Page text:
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 Home > News & Policies > September 2004

For Immediate Release
September 9, 2004

White House Announces 2003 Awards for Early Career Scientists and Engineers

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The White House today announced the recipients of the 2003 Presidential Early Career Awards for Scientists and Engineers, the nation's highest honor for professionals at the outset of their independent research careers. Fifty-seven researchers will be honored today in a ceremony presided over by John H. Marburger III, Science Advisor to the President and Director of the White House Office of Science and Technology Policy. The White House will webcast the event live at 3:00 p.m. today from the White House website at www.whitehouse.gov/live.v.ram.

The Presidential Early Career Awards for Scientists and Engineers, established in 1996, honors the most promising beginning researchers in the nation within their fields. Eight federal departments and agencies annually nominate scientists and engineers at the start of their careers whose work shows the greatest promise to benefit the nominating agency's mission. Participating agencies award these beginning scientists and engineers up to five years of funding to further their research in support of critical government missions.

The recipients of the 2003 Presidential Early Career Awards for Scientists and Engineers, along with their nominating federal department or agency are :

Department of Agriculture

  • Timothy E. Link, University of Idaho
  • Curtis P. Van Tassell, Agricultural Research Service
  • Patrick A. Zollner, Forest Service North Central Research Station

Department of Commerce

  • Sim D. Aberson, Atlantic Oceanographic and Meteorological Laboratory
  • Scott A. Diddams, National Institute of Standards and Technology
  • Jon R. Pratt, National Institute of Standards and Technology
  • Kyle W. Shertzer, Southeast Fisheries Science Center

Department of Defense

  • Brian P. Anderson, University of Arizona
  • Vladimir Bulovic, Massachusetts Institute of Technology
  • Rustem F. Ismagilov, University of Chicago
  • Lyon B. King, Michigan Technological University
  • Christopher A. Schuh, Massachusetts Institute of Technology
  • Moe Z. Win, Massachusetts Institute of Technology

Department of Energy

  • Tamara G. Kolda, Sandia National Laboratories
  • Saskia Mioduszewski, Brookhaven National Laboratory
  • Jian Shen, Oak Ridge National Laboratory
  • Catherine M. Snelson, University of Nevada
  • Margaret S. Torn, Lawrence Berkeley National Laboratory
  • Donald P. Vasco, Jr., Tennessee Technological University
  • Brian D. Wirth, University of California , Berkeley

Department of Health and Human Services: National Institutes of Health

  • Matthew I. Banks, University of Wisconsin-Madison
  • Leonardo Belluscio, National Institute of Neurological Disorders and Stroke
  • Linzhao Cheng, Johns Hopkins University
  • William DeBello, University of California , Davis
  • Michael B. Eisen, University of California , Berkeley
  • Stuart Forman, Massachusetts General Hospital
  • Peter D. Kwong, National Institute of Allergy and Infectious Diseases
  • Anne M. Moon, University of Utah
  • Sean J. Morrison, University of Michigan
  • Steven D. Munger, University of Maryland School of Medicine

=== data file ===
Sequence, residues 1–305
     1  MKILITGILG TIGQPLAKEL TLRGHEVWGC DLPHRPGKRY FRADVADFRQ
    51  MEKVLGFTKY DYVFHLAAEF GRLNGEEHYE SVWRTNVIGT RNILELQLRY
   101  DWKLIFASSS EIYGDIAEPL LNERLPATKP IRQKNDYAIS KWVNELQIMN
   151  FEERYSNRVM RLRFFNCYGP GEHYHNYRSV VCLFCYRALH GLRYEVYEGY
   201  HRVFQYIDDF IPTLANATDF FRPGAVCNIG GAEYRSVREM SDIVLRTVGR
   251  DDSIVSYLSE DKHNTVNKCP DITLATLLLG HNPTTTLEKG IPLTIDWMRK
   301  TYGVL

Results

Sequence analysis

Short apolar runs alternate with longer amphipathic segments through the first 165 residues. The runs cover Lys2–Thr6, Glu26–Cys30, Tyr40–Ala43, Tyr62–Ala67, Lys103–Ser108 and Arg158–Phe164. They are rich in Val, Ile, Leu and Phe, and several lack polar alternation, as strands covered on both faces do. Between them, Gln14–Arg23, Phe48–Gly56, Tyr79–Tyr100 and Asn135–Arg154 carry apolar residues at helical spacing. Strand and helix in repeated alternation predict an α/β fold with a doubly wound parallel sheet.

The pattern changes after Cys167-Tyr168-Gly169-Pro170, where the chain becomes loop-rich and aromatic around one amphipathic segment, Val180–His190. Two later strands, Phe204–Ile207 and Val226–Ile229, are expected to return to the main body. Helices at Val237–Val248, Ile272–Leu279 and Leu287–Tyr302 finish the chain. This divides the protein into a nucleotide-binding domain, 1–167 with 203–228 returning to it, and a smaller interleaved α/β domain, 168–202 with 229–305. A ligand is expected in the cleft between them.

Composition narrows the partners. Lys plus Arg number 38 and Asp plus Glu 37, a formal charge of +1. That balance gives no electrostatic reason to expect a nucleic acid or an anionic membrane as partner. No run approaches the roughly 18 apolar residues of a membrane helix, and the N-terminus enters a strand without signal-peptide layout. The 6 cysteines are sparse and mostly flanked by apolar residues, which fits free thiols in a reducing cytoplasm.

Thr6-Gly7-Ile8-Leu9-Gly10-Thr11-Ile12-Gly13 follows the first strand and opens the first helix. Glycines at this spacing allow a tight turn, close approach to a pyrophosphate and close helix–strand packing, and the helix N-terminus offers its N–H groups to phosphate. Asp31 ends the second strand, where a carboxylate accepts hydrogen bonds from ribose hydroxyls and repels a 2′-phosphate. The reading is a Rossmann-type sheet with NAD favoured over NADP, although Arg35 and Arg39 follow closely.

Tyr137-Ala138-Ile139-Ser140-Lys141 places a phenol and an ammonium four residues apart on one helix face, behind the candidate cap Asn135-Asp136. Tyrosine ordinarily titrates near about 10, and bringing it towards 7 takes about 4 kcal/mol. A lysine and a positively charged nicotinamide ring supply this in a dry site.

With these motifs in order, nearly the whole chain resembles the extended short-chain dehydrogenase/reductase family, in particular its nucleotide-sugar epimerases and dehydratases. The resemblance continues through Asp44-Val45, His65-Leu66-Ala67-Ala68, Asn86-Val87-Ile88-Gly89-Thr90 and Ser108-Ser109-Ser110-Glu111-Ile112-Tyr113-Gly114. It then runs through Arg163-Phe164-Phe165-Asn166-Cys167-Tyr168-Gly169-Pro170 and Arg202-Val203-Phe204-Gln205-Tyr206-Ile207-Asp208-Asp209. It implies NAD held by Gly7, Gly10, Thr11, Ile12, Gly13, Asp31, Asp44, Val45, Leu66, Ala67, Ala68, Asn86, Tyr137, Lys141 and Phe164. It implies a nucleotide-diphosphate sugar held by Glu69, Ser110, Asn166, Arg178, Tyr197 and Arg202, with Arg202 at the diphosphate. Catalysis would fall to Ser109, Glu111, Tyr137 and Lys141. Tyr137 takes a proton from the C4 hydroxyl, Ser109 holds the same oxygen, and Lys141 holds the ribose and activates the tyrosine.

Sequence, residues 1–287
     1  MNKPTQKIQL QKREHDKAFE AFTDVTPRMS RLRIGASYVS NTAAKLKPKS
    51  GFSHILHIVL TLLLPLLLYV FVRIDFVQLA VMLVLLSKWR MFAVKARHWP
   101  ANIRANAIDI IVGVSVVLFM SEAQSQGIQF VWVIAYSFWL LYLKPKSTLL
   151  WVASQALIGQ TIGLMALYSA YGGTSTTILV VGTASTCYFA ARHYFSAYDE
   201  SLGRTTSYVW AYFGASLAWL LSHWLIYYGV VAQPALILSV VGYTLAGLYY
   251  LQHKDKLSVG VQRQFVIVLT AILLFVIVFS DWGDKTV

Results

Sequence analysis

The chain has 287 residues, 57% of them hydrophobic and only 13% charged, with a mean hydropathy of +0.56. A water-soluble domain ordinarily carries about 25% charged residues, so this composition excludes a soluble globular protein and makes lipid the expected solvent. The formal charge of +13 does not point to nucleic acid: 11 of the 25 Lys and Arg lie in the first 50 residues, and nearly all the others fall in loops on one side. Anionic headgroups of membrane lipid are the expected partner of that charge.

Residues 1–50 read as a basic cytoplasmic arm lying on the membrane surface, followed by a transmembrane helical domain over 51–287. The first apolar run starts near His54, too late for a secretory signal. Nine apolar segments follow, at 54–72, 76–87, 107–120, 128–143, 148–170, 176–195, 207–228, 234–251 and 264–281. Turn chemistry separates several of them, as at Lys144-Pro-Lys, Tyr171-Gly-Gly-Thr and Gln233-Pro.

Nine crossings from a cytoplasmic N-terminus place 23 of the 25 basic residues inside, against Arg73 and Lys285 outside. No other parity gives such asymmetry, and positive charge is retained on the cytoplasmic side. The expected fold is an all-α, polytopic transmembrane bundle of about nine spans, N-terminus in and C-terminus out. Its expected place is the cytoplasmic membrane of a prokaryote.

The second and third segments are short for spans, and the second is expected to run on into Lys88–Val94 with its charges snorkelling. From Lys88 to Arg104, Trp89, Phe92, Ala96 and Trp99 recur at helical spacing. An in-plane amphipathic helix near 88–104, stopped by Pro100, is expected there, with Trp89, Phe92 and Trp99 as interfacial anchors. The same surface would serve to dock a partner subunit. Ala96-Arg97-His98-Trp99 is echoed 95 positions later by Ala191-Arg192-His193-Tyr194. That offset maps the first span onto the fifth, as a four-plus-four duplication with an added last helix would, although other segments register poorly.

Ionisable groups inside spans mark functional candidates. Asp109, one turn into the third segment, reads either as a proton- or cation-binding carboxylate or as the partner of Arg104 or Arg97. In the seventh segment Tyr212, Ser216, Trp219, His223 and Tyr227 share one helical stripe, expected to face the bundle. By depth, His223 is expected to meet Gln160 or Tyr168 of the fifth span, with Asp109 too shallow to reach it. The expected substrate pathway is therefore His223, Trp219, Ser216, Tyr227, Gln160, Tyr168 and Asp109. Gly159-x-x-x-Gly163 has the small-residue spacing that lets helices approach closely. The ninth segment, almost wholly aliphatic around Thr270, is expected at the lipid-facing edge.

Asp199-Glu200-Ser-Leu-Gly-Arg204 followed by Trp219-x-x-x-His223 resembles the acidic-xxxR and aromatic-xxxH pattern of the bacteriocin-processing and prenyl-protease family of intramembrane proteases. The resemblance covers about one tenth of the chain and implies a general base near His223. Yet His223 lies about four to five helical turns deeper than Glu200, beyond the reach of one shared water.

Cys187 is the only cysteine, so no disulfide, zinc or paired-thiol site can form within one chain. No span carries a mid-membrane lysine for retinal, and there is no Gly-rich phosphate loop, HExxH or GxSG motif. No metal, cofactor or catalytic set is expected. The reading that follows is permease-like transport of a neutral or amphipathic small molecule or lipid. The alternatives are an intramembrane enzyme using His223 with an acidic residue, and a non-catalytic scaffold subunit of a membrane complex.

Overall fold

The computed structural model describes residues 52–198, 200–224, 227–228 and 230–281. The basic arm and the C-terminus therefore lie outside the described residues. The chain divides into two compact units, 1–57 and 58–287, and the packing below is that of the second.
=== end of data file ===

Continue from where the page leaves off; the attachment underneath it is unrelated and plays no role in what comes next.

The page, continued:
• Stephanie B. Seminara, Harvard Medical School
  • Brian D. Strahl, University of North Carolina , Chapel Hill

Department of Veterans Affairs

  • Steven M. Asch, Los Angeles Veterans Health Services
  • Albert C. Lo, West Haven Veterans Administration

National Aeronautics and Space Administration

  • Stuart D. Bale, University of California , Berkeley
  • Carlos Del Castillo, Stennis Space Center
  • Sarah Stewart-Mukhopadhyay, Harvard University
National Science Foundation
  • Treena L. Arinzeh, New Jersey Institute of Technology
  • Paola Barbara, Georgetown University
  • Carla E. Caceres, University of Illinois at Urbana-Champaign
  • Harry J. Dankowicz, Virginia Polytechnic Institute and State University
  • Daniel R. Gamelin, University of Washington
  • Arjun M. Heimsath, Dartmouth College
  • Joseph Henrich, Emory University
  • Jennifer S. Lerner, Carnegie Mellon University
  • Yoky Matsuoka, Carnegie Mellon University
  • Roxana A. Moreno, University of New Mexico
  • Kara L. Nelson, University of California , Berkeley
  • Erica L. Plambeck, Stanford University
  • Carla Mattos, North Carolina State University
  • Juan G. Santiago, Stanford University
  • Cyrus Shahabi, University of Southern California
  • Sandeep K. Shukla, Virginia Polytechnic Institute and State University
  • Kimmen Sjölander, University of California , Berkeley
  • Elisabeth Smela, University of Maryland , College Park
  • Konstantina Trivisa, University of Maryland , College Park
  • Ravi D. Vakil, Stanford University
About the Office of Science and Technology Policy

Congress established OSTP in 1976 with a broad mandate to advise the President and others within the Executive Office of the President on the impacts of science and technology on domestic and international affairs. The 1976 Act also authorizes OSTP to lead an interagency effort to develop and to implement sound science and technology policies and budgets and to work with the private sector, state and local governments, the science and higher education communities, and other nations toward this end. The Director of OSTP serves as co-chair of the President's Council of Advisors on Science and Technology and oversees the National Science and Technology Council on behalf of the President. For more information visit www.ostp.gov.

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